Mean Girls star Daniel Franzese has taken to Facebook to allege Bijou Phillips harassed him with homophobic comments and unwanted physical contact while working on the set of 2001 film, Bully.
Franzese, 39, who played Damian in Mean Girls, shared a lengthy Facebook post over the weekend accusing Phillips of harssment.
The actor alleged that Phillips “body shamed me and ridiculed me about my sexuality and physically assaulted me.”
“I was scared and closeted and feared for my job. It started with a lot of eye rolling whenever we spoke but escalated when we did a cast shoot for the [film’s] poster. As we were shooting she kept loudly saying ‘Are you gay?!’ and laughing while the producers and photographer did nothing to stop her,” Franzese wrote, adding that some of his costars, like Michael Pitt and Brad Renfro, “kept telling her to shut up”, however, Phillips allegedly continued.
When Franzese reluctantly told Phillips he was bisexual, he continued, “she cackled and said ‘HA! He’s bi!’ And then when I showed up to work the next day in front of the crew she was screaming ‘Oh look! The Bi guy is here!’”
One scene in the film required Franzese’s character to take his shirt off. “It was an extremely vulnerable moment for me because I was not at all the type of guy comfortable with taking my clothes off in front of anyone at that point in my life. I was the chubby kid who wore his shirt in the pool,” he wrote. “So I take my shirt off in the scene and she breaks character and she pointed at my body and at the top of her lungs yelled ‘Ewwww gross!!!’ She laughed and pointed at me and continued to berate me. They call cut and I had to walk off set to collect myself.”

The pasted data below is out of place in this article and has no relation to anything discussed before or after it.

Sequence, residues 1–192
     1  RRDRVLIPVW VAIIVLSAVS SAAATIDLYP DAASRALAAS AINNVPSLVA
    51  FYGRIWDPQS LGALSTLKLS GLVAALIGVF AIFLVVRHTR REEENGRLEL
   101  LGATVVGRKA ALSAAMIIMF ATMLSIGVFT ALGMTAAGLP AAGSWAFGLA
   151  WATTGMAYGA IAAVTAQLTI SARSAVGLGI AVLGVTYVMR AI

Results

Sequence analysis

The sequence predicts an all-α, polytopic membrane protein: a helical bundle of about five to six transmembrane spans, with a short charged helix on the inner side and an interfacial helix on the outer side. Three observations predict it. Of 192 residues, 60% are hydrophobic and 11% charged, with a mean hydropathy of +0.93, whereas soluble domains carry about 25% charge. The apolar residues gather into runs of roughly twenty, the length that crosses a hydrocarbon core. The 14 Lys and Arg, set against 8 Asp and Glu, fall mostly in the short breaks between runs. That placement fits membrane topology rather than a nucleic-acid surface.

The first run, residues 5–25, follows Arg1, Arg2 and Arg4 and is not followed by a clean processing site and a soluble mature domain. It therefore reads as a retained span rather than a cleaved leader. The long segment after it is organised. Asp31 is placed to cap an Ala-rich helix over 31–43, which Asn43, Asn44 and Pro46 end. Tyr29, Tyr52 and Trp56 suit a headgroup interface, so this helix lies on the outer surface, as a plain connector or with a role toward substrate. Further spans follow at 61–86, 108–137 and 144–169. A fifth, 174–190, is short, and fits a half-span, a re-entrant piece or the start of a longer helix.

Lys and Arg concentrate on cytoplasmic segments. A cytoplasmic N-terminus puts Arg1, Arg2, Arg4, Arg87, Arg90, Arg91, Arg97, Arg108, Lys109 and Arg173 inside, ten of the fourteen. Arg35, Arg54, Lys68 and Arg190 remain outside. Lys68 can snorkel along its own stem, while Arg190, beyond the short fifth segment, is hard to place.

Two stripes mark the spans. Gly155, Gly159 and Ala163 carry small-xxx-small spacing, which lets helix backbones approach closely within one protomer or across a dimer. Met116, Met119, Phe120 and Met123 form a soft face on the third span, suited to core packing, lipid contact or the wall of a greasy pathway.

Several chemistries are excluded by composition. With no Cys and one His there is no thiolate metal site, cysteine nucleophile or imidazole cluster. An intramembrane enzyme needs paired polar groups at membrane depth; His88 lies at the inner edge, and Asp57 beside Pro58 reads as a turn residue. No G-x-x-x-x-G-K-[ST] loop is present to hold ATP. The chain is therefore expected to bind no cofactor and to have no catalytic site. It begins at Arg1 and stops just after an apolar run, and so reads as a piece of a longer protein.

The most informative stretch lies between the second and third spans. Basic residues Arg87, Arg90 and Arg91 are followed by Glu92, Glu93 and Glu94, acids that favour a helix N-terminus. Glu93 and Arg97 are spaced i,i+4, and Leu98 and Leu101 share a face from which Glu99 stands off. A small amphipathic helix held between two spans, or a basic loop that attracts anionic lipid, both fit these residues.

According to Franzese, Phillips’ abuse then turned became physical. He expressed that she “grabbed my nipple and twisted it hard through my shirt” and, while filming one of their final scenes, “kicked me as hard as she could in the back of the head.”
He has admitted he has seen Phillips a number of times since and has “tolerated our obligatory greetings,” mentioning that she could be a different person today. Regardless, he laments that while the film helped begin his career, it was “one of the most stressful experiences of my life.”
“It was such a blessing to get a foot into Hollywood’s door but I was greeted at that door with homophobia, body shaming and abuse,” he wrote. “The way I was treated in that hostile work environment gave me a PTSD that had me stay closeted for a long time. I have told this story to magazines, TV shows and Q&A’s but I feel like it is always cut out of the article or has never really been heard. I love the movie and my other cast mates and crew but BULLY was one of the most stressful experiences of my life on or off a set and it was my first one.”
Phillips has since apologised in an official statement provided to TMZ.
“I want to write to address what Daniel has said. I don’t remember that time well, those years are a blur. I was a teenager and reckless in my behavior. I know Daniel to be a trustworthy and honest person, and to find out through social media that I was not the friend I thought I was to him made me so sad.”
“I am so mortified by this behaviour and have contacted Daniel and apologized to him privately. I am not and never have been homophobic. I have nothing but love for the LGBTQ community and Daniel.”